What If You Don’t Get a Return Offer From Your Investment Banking Summer Internship?
So it wasn’t exactly a great year for return offers from summer internships.
At some banks, the conversion rate was under 50%.
At others, the rate was a little higher, but it was still far below the 80-90% you might see in “good years.”
So if you didn’t get a return offer, are you screwed?
It’s not the end of the world, but failing to get a return offer from an internship can make it a lot harder to start a career in finance.
And it’s incredibly frustrating because your return offer, or lack thereof, often relates more to office politics or deal activity than your performance.
But if you handle it correctly, “no return offer” just means you might have to delay your real career a bit – not give up on it entirely.
Here’s what you can do to get back on track ASAP and win a full-time role:
Why Does a Return Offer Matter So Much?
An “internship” is an 8-week or 10-week-long interview.
It gives bankers far more data than they could ever collect in normal interviews, assessment centers, or case studies, and it lets them make more informed decisions.
So all investment banks prefer to hire full-time Analysts and Associates exclusively from their summer intern classes – which means that you need an internship for the best chance of winning a full-time offer.
However, not all banks and groups can do this.
Some interns perform poorly; some groups don’t hire the right number of people; and some interns decide against banking and decline their return offers.
So certain groups recruit for full-time roles by “poaching” interns from other banks or by conducting real full-time interviews.
But in markets with poor or declining deal activity, banks rarely go far outside their summer intern classes.
Why “Network A Lot and Win an Offer Elsewhere” is Not the Real Answer
A long time ago, I used to recommend networking around and winning an offer elsewhere if you don’t get a return offer from your internship.
But if you didn’t get a return offer because of market conditions, few other banks will be hiring for full-time roles.
Also, while some banks use accelerated recruiting to lure in summer interns from other places, you typically find out about your offer status too late to participate in that process.
You might get lucky and find a group that has full-time hiring needs even after internships are over, but it’s not terribly likely.
If you want to do this, you have a better chance of finding open roles at regional/satellite offices (anything outside of New York in the U.S.) and also at smaller banks (anything outside the bulge brackets; even elite boutiques).
That’s because summer intern retention tends to be worse in those places, so if you’ve already know people there, by all means reach out and ask.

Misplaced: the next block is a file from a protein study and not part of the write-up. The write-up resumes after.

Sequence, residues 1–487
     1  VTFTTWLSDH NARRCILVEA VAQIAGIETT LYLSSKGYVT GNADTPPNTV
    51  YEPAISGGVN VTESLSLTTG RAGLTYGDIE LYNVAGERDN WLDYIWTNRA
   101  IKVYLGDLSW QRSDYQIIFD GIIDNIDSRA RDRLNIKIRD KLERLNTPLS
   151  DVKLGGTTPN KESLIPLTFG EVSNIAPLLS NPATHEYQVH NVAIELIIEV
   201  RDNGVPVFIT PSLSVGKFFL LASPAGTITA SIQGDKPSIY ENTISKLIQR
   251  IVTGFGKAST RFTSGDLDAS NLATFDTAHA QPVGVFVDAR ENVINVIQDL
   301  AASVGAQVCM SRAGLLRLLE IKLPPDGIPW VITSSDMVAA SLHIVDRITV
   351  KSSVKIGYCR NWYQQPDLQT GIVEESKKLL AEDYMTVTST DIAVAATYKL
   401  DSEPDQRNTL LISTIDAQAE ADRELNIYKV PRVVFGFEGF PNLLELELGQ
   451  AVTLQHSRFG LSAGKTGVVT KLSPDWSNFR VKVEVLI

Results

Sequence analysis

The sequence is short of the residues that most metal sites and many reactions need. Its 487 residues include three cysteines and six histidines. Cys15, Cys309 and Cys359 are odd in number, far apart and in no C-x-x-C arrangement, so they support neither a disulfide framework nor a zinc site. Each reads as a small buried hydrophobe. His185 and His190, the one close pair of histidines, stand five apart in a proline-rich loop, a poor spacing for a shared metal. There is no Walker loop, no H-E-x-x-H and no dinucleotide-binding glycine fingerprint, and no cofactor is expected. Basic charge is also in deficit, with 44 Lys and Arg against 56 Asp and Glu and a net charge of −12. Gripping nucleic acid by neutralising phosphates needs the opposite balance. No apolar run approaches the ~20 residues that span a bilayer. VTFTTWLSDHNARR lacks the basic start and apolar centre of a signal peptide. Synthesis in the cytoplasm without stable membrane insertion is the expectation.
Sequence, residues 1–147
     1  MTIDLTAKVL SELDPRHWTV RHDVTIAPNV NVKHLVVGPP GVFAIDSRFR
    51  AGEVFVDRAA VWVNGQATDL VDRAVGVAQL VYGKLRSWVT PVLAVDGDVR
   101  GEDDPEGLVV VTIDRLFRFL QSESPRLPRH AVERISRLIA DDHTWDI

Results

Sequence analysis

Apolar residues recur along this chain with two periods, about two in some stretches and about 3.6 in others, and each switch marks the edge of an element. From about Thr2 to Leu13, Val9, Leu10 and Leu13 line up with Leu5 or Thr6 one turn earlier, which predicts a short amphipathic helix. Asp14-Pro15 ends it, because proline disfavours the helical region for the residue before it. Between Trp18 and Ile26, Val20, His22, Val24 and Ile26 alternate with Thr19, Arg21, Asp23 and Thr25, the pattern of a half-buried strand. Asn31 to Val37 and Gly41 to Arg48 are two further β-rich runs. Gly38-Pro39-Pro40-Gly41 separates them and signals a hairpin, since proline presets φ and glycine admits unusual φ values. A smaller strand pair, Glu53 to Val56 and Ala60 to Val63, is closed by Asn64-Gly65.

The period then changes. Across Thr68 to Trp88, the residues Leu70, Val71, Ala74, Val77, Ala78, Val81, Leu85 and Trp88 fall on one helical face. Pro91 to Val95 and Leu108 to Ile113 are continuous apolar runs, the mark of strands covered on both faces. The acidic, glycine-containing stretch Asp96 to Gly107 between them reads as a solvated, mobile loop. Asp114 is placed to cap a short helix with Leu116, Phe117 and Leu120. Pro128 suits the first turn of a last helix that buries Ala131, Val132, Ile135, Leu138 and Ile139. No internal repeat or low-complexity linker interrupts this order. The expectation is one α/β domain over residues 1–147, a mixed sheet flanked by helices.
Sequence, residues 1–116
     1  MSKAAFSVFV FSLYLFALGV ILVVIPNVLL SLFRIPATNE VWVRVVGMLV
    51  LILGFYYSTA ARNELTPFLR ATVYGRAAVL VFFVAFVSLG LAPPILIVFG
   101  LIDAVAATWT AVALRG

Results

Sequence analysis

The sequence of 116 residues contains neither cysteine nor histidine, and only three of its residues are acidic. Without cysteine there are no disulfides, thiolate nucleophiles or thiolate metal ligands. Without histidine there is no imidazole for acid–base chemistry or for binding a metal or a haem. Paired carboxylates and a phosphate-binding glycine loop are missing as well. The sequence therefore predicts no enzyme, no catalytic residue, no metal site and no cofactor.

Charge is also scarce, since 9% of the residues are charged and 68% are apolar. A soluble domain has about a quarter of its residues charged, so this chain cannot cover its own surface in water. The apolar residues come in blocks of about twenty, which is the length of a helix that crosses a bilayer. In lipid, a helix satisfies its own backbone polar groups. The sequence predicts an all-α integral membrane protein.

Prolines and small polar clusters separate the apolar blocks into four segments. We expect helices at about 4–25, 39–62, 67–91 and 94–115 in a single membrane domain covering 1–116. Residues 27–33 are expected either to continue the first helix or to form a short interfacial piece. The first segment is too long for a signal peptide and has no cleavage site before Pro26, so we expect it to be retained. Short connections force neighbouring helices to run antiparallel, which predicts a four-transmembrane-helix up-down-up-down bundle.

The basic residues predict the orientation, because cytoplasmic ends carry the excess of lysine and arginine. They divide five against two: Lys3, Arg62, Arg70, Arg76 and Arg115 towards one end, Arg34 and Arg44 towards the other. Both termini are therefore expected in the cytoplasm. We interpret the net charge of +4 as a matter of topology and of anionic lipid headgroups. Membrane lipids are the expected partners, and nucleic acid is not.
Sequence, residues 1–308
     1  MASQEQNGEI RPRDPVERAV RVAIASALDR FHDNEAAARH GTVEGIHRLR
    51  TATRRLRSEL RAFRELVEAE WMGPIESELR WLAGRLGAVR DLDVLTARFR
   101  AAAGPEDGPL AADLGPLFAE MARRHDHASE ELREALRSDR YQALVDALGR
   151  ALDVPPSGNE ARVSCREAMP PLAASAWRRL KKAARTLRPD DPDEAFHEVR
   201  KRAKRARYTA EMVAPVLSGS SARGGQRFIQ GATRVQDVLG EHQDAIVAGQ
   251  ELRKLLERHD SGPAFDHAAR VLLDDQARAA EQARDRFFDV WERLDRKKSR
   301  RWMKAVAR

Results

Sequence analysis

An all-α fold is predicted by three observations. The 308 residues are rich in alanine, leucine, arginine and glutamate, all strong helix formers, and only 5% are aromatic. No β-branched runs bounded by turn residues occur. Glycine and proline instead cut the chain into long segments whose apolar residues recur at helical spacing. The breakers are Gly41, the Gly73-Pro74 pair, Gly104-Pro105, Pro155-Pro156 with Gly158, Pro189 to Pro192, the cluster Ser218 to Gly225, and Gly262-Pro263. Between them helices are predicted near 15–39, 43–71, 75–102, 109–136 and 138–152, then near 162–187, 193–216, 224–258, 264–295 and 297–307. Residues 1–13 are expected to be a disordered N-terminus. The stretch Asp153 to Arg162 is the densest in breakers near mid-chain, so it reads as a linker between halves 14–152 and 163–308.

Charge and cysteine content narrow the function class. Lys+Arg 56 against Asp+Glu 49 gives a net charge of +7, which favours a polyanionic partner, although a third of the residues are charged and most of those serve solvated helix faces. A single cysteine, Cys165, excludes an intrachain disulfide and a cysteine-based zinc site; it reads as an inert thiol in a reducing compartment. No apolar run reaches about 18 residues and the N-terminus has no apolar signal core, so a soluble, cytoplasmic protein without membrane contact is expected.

My Suggested Plan of Attack
…But like I said, your chances aren’t great in a market with declining deal activity, so here’s what I recommend instead.
First off, if you do get a full-time return offer, accept it immediately.
There’s almost no point in “shopping around” your offer right as internships are ending, especially when deal activity and hiring are down.
If you do not get a return offer, or you’re “on hold,” or you don’t know your status yet, you need to take an honest look at your situation and figure out why.
For example, did your group hire almost no one because deal activity fell dramatically?
Did poor accounting or Excel skills sink your chances?
Did other interns have more deal experience?
Once you know which category you fall into, you can prepare for the next steps:
- Figuring out where you’ll recruit next; and
- Figuring out how you’ll explain why you didn’t get a return offer.
Step 1: Select from Your Three Main Options: Go Smaller, Go Outside Investment Banking, or Delay Graduation and Try Again
If your inquiries about full-time openings elsewhere don’t result in any hits, you’re left with three main strategies:
- Go Smaller – By “smaller,” I mean regional boutiques. Specifically, pounding the pavement with cold calls and cold emails until you win an offer there.
- Go Outside Investment Banking – Aim for roles in a Big 4 valuation group or at an independent valuation firm. Potentially, you could also aim for buy-side roles if you’ve had previous buy-side internship experience.
- Delay Graduation, or do a Master’s Program, and Go for Summer Internships All Over Again – This scenario might be one of the few cases where it makes sense to delay your graduation.
The best option depends on why you didn’t receive the return offer.
EXAMPLE: If you performed well and have great references, but the group wasn’t hiring or hired only 1 / 20 interns because of poor market conditions, then options #1 and #2 might be better.
You’re taking a big risk if you delay your graduation because the market might get even worse next year.
On the other hand, if market conditions were fine and the bank hired a lot of interns, but something outside your control sunk your chances, then option #3 would make more sense.
Option #1 – cold calling and cold emailing hundreds of tiny firms – can work, but there are also some big drawbacks.
For one thing, the process is repetitive and soul-crushing.
Also, it’s very random and almost completely a numbers game.
Finally, these offers at very small firms sometimes “don’t work out”: the firm collapses, deal flow dries up, they force you out, and so on.
My Recommendation: In most cases, you’re better off going outside of pure IB roles (option #2).